After picking off a pass in both of FAU’s first two fall practices, Lewis set a goal of picking off at least one pass in every practice.
He couldn’t meet the goal, but that goal defined the mentality for FAU’s secondary in 2018. The Owls were going to attack the ball. Often, they took it away.
As a team, FAU intercepted 20 passes last season – second most nationally. Safety Jalen Young led the way with seven picks, second-most nationally. Lewis added four, as did Chris Tooley to lead the cornerbacks.
FAU’s total might have been even higher had the Owls not lost top cornerback Raekwon Williams to a knee injury six games into the season.
Even without their leader, FAU’s cornerbacks didn’t lose a step. The Owls didn’t surrender more than 25 points in any of their final half-dozen games.
An aggressive defense brought to the Owls by new defensive coordinator Tony Pecoraro could make Lewis and Tooley even more bothersome to opposing offenses in 2018.
Pecoraro likes to bring pressure, and harassed quarterbacks have a tendency to make poor decisions.
Last season, FAU’s cornerbacks proved they possess both the skill and the mindset to capitalize on such mistakes.
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Shelton Lewis (6-0., 185, Sr.): A preseason All-Conference USA selection, Lewis can smell an interception coming. Lewis’ nose for the ball also led to 47 tackles last season. He’s fast and possesses good ball skills, but sometimes he gets caught peeking into the backfield, leading to a big play. With a strong senior season Lewis is looking at an NFL career.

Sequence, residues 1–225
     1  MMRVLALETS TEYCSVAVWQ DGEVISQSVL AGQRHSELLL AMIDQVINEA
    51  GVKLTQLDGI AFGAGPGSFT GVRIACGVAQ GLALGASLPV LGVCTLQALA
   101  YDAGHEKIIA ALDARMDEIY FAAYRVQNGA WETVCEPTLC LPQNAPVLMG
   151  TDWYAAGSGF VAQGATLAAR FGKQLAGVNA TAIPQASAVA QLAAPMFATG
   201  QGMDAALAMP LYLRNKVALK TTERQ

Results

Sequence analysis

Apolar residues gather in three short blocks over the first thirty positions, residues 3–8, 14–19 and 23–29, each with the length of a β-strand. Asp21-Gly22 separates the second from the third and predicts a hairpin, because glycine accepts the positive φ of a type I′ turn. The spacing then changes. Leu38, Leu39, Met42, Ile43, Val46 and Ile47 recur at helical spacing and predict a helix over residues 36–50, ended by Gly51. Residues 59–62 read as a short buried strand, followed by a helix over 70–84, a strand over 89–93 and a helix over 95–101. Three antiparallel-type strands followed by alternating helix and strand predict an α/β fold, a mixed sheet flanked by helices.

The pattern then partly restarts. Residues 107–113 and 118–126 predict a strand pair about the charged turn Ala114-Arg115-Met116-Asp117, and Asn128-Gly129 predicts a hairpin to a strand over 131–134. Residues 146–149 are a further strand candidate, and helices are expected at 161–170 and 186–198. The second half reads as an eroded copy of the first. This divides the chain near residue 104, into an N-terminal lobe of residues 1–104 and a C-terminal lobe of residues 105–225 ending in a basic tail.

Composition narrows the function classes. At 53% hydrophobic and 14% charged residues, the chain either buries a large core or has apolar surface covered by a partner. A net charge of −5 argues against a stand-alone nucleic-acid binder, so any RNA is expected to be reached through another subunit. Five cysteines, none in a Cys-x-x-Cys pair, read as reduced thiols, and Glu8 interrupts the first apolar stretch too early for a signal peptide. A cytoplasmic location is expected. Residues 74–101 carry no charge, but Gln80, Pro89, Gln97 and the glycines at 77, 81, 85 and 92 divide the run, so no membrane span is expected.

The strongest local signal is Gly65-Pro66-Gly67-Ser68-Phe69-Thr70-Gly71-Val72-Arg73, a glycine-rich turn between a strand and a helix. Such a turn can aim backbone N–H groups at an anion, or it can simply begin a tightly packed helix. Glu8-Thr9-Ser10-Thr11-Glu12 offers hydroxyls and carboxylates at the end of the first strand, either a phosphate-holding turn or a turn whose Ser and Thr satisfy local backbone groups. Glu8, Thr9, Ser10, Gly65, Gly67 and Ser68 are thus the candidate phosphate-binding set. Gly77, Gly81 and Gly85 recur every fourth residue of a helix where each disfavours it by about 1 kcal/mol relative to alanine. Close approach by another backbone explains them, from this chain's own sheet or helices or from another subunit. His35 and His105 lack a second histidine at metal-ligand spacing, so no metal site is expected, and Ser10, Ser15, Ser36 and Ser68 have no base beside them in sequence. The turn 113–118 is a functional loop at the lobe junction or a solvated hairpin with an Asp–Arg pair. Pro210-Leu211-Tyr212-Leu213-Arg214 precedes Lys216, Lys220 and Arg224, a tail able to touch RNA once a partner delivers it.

James Pierre (6-2, 175, So.): A versatile athlete, Pierre seemingly came out of nowhere last season to contribute primarily at safety. When it comes to coverage, he may be better suited to the crowded nickel spot, but FAU elected to play him at corner during the spring. He’ll enter camp as a backup at many of the defensive back positions, but Pierre is too talented not to see significant playing time this season.
Chris Tooley (5-11, 180, Jr.): Tooley didn’t become a full-time starter until midway though the season when Raekwon Williams injured his knee. Once in the lineup Tooley excelled. Like Lewis, Tooley is a ball hawk and he’s also a solid tackler. With teams likely shying away from Lewis, Tooley could be in for a breakout season.
Meiko Dotson (5-11, 190, R-Jr.): After starting his career at Georgia Tech, Dotson transferred to Garden City Community College – where he played for former FAU assistant Jeff Sims – before joining FAU’s 2018 signing class. Dotson intercepted four passes in eight games at Garden City, returning one for a touchdown. He also recorded 22 tackles.
Diashun Moss (5-10, 175, So.): Primarily a special teams player as a true freshman, Moss did see the field in mop-up duty last season. He played in eight games, recording three tackles. Moss pushed his way to second on the depth chart in the spring, but holding off Dotson will be a challenge.
Meiko Dotson: He’s physically gifted enough to push Tooley for the starting spot. Even if he doesn’t win the job, Dotson will almost certainly earn playing time.
Teja Young (5-11, 180, Fr.): Another gifted athlete, Young could begin his college career as a corner or a nickel. FAU is deep enough at both spots that if the Owls remain healthy they could elect to redshirt Young, if they can suppress the urge to make him a full-time returner on special teams.
Raekwon Williams: Well on his way to the NFL, Williams blew out his knee six games into his senior season, requiring season-ending surgery. He recently announced the completion of his rehab process and is now attempting to catch on with an NFL team.
Meiko Dotson: Tooley could easily surprise Conference USA and play his way onto the All-Conference team. Young could prove dynamic enough that he forces his way into playing time. But Dotson is the under-the- radar player most likely to make an impact. He played in 12 games as a redshirt freshman at Georgia Tech, primarily on special teams.
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